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Canada Pork Farmers Worry US Duties Will Further Harm Industry

by 5m Editor
8 March 2004, at 12:00am

CANADA - Canadian hog producers said on Friday they worry proposed duties on their exports to the United States could cause further harm to a badly battered sector that receives little government aid.

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The U.S. National Pork Producers Council said on Friday it filed anti-dumping and countervailing duty petitions with the U.S. government against live Canadian weanling and market hogs.

The farmers want duties ranging from 5 percent to 20 percent on imports, starting as early as June 1, because they believe a Canadian risk management program and a provincial program in Quebec are unfair subsidies.

"My gut reaction is, 'Oh no,'" said Gerry Friesen, a hog farmer from Wawanesa, Manitoba and chairman of a producer-owned marketing group.

"If and when a (duty) would be imposed, it would be devastating for our industry here, going hand-in-hand with what we've been through in the last number of years," Friesen said.

U.S. farmers complain their prices dropped because Canadian exports surged to 7.3 million hogs in 2003, up more than 35 percent from 2001. Total U.S. slaughter in 2003 was just under 100 million hogs.

Two-thirds of the exports were weanlings -- piglets shipped to U.S. feeder barns in the U.S. Midwest where abundant corn makes it cheaper to grow the hogs to market weight.

More farmers have switched to produce weanlings for the U.S. market because demand is strong and it cuts their losses, which in 2003 rose as high as C$30 ($23) per market hog.

The U.S. industry relies on Canadian hogs to keep it efficient and profitable, which benefits U.S. hog farmers, said Edouard Asnong, president of the Canadian Pork Council.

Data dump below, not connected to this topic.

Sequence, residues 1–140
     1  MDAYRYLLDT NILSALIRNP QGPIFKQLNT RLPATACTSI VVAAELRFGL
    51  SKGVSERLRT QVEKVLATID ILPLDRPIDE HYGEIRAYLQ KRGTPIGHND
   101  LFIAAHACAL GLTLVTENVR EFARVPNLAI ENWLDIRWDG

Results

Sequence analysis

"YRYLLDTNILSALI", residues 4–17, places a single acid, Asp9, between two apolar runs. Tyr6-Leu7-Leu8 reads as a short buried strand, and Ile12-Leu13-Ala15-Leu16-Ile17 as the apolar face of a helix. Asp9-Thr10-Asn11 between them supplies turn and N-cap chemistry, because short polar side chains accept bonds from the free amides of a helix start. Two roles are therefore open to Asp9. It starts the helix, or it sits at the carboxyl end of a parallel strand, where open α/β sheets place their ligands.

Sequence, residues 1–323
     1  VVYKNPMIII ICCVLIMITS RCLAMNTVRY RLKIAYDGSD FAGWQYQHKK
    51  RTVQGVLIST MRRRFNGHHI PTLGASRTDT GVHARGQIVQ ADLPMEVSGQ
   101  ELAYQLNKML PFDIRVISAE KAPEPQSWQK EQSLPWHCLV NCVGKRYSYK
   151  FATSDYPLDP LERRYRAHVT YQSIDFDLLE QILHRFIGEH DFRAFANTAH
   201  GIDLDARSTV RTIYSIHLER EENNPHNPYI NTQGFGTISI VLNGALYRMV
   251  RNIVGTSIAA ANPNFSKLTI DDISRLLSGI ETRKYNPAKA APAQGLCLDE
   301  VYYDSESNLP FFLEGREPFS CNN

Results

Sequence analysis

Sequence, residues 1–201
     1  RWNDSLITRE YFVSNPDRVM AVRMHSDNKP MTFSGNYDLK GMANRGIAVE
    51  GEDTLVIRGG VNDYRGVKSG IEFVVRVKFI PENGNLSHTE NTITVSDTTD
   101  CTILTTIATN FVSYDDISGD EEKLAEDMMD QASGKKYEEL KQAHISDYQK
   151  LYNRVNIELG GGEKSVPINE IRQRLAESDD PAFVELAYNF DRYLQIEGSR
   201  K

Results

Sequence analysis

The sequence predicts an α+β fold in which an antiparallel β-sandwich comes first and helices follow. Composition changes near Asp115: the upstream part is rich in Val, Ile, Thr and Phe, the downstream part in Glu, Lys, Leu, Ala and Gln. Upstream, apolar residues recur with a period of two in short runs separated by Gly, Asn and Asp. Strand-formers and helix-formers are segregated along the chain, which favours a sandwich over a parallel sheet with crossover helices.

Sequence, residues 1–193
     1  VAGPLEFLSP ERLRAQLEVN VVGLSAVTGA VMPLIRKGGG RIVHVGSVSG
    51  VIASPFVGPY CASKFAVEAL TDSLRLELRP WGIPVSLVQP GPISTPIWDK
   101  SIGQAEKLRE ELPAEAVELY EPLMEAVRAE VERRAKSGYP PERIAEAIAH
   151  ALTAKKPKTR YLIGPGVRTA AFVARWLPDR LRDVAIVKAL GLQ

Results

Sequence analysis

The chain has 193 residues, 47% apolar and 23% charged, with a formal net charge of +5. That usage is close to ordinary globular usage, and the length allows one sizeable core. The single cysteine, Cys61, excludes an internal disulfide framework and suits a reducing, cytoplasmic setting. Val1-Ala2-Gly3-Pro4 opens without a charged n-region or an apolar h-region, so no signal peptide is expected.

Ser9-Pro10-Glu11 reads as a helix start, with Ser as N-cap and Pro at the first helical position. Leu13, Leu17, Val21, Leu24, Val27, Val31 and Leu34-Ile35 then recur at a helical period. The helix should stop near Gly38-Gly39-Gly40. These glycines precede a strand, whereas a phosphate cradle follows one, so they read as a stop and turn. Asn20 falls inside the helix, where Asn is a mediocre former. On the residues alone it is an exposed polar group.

"The more they kill, they more efficient they are and the more they can export to other markets," he said, explaining poor North American prices are based on world factors and not caused by Canadian exports.

Asnong said Canadian aid programs were designed in close consultation with trade lawyers to make sure they could not cause a trade war with the United States.

"It's not a generous program at all," Asnong said, describing a federal income insurance program at issue in the U.S. complaint.

"I'm comfortable that we're going to prove we're not trading with the U.S. unfairly," Asnong said.

The Canadian government rejected claims on Friday that it unfairly subsidizes exports and said it would defend itself against duties, if imposed.

The timing of the trade challenge could not be worse, industry sources told Reuters.

"I would suggest that our industry is teetering on a very fine line," said Perry Mohr, chief executive officer of Manitoba Pork Marketing, a farmer-owned hog marketer.

Farmers have been hit by low prices followed by record-high feed prices because of drought and then a surge in the Canadian dollar that made their exports worth less in the U.S. market, Mohr explained.

Wheat farmers have been hurt by steep duties that have kept their grain out of the lucrative U.S. milling market for the past year.

Beef farmers, dependent on the U.S. market, have struggled since a case of mad cow disease turned up in Alberta last May, cutting off their exports.

Pork consumption in Canada slowed as Canadians sympathetic to beef farmers' plights -- and lured by cheap prices -- stocked up on beef instead of pork.

If U.S. farmers are successful in their petition for a duty, that could accelerate consolidation in the industry, Mohr said.

"The only thing that could probably be worse for us would be a complete border closure," he said.

Source: eFeedLink - 8th March 2004

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